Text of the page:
Category Archives: Books I Received From The Publisher

Summer of a Thousand Pies

Finished Summer of a Thousand Pies by Margaret Dilloway.  I received a copy for review.

Summary (from Goodreads):

A heartfelt contemporary middle grade novel, perfect for fans of The Thing About Jellyfish and Fish in a Tree, about a girl who is sent to live with her aunt and must try to save their failing pie shop.

When twelve-year-old Cady Bennett is sent to live with the aunt she didn’t even know she had in the quaint mountain town of Julian, she doesn’t know what to expect. Cady isn’t used to stability, or even living inside, after growing up homeless in San Diego with her dad.

Now she’s staying in her mother’s old room, exploring the countryside filled with apple orchards and pie shops, making friends, and working in Aunt Shell’s own pie shop—and soon, Cady starts to feel like she belongs. Then she finds out that Aunt Shell’s pie shop is failing. Saving the business and protecting the first place she’s ever really felt safe will take everything she’s learned and the help of all her new friends. But are there some things even the perfect pie just can’t fix?

Summer of a Thousand Pies is a sweet and satisfying treat of a novel full of friendship, family, and, of course, pie.”

Kids today have so many better book choices than I did when I was their age! Middlegrade books are amazing now, and I’m honestly jealous.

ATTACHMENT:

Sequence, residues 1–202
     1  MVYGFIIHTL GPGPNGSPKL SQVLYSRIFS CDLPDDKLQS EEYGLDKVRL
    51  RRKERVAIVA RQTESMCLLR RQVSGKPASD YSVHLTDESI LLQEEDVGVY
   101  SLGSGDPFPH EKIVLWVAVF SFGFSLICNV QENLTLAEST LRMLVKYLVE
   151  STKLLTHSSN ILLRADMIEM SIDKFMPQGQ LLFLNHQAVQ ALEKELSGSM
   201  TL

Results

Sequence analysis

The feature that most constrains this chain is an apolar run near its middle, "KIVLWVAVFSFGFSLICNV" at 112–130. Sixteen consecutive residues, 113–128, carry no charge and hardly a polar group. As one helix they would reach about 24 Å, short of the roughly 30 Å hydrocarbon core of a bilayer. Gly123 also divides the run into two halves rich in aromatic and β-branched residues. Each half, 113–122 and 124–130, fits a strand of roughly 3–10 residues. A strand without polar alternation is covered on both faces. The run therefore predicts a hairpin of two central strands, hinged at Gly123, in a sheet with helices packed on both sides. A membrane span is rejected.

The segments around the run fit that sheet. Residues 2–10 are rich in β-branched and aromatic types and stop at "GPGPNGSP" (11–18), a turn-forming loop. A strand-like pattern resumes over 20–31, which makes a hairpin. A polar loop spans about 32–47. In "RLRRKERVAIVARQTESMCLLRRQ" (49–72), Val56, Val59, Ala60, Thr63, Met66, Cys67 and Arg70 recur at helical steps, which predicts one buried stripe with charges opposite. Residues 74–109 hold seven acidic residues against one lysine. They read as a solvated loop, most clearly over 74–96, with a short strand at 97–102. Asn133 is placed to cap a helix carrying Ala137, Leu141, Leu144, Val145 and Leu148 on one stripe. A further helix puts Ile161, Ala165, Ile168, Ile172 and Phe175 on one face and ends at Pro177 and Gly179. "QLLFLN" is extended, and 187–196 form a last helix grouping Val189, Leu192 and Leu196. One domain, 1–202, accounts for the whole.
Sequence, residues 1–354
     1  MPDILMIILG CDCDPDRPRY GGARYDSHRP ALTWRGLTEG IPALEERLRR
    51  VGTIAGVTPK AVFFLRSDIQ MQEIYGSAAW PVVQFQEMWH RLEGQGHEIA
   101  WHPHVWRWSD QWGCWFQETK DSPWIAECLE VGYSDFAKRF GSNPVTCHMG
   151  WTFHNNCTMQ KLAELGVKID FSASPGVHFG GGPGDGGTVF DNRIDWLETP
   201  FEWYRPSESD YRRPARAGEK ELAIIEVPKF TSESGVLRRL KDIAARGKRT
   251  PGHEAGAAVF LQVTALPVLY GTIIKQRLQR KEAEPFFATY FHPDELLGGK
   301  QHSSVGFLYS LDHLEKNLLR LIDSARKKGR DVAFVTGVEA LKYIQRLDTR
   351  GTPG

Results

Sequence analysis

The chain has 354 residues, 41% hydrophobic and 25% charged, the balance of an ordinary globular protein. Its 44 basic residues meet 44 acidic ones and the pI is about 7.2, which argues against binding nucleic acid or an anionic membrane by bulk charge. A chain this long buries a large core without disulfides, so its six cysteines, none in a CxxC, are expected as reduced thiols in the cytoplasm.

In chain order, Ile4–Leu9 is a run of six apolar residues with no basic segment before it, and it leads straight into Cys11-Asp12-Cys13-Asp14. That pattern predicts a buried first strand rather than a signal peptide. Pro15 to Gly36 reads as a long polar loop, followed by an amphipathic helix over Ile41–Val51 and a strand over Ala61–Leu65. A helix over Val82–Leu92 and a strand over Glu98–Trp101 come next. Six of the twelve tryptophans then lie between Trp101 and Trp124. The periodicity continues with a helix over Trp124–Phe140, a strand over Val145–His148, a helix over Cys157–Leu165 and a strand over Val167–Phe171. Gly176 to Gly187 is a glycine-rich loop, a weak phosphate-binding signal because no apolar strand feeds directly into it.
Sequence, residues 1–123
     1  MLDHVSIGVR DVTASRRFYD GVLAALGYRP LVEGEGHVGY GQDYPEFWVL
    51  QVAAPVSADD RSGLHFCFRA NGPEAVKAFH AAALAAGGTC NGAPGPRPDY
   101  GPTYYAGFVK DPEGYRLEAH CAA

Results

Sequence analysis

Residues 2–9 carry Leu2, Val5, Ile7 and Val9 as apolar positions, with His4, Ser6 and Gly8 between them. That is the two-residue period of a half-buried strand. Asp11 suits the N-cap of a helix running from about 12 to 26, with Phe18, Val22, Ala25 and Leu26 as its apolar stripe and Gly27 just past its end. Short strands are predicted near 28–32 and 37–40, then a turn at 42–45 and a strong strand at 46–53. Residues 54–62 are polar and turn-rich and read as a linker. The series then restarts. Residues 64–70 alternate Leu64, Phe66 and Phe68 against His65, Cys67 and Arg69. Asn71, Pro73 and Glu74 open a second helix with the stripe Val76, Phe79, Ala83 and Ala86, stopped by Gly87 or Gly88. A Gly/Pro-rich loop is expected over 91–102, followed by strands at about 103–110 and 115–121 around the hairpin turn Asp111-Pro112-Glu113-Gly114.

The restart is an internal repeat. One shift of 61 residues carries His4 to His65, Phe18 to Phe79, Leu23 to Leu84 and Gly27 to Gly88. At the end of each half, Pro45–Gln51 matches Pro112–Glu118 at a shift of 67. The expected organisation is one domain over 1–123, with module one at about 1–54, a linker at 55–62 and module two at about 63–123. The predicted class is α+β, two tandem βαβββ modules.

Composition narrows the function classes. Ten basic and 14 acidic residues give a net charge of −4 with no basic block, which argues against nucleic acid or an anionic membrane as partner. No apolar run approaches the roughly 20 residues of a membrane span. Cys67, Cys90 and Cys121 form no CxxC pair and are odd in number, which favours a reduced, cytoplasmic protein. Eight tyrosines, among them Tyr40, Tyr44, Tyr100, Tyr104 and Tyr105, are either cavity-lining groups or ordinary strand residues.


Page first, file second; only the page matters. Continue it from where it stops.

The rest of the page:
I loved Margaret Dilloway’s first two adult novels (and just found out that there’s a third I haven’t read!) and so getting to read her middlegrade book—I think it’s a debut!—was a no-brainer. Her ability to make her characters immediately seem so vibrant is incredibly rare.

I felt like I had known Cady forever, and felt her nervousness at going with an aunt she’d never met and had barely heard of to a town she’s never been while her dad is out of the picture. I completely understood why she barely trusted anyone (she had basically one friend back home; people and especially young kids aren’t exactly kind to homeless people, even if one of them is a kid, too) and how she didn’t really understand the concept of…well, anything.

Her only real treasured possession is a cookbook of her mom’s (who died when Cady was five) and so learning that her aunt Shell was a baker too was a dream come true. It’s how they initially connect and so Cady decides (OK, more accurately is told) that she will make a thousand pies over the summer because that’s the best way to become great at something. (Which is true—practice and repetition goes pretty far in love.)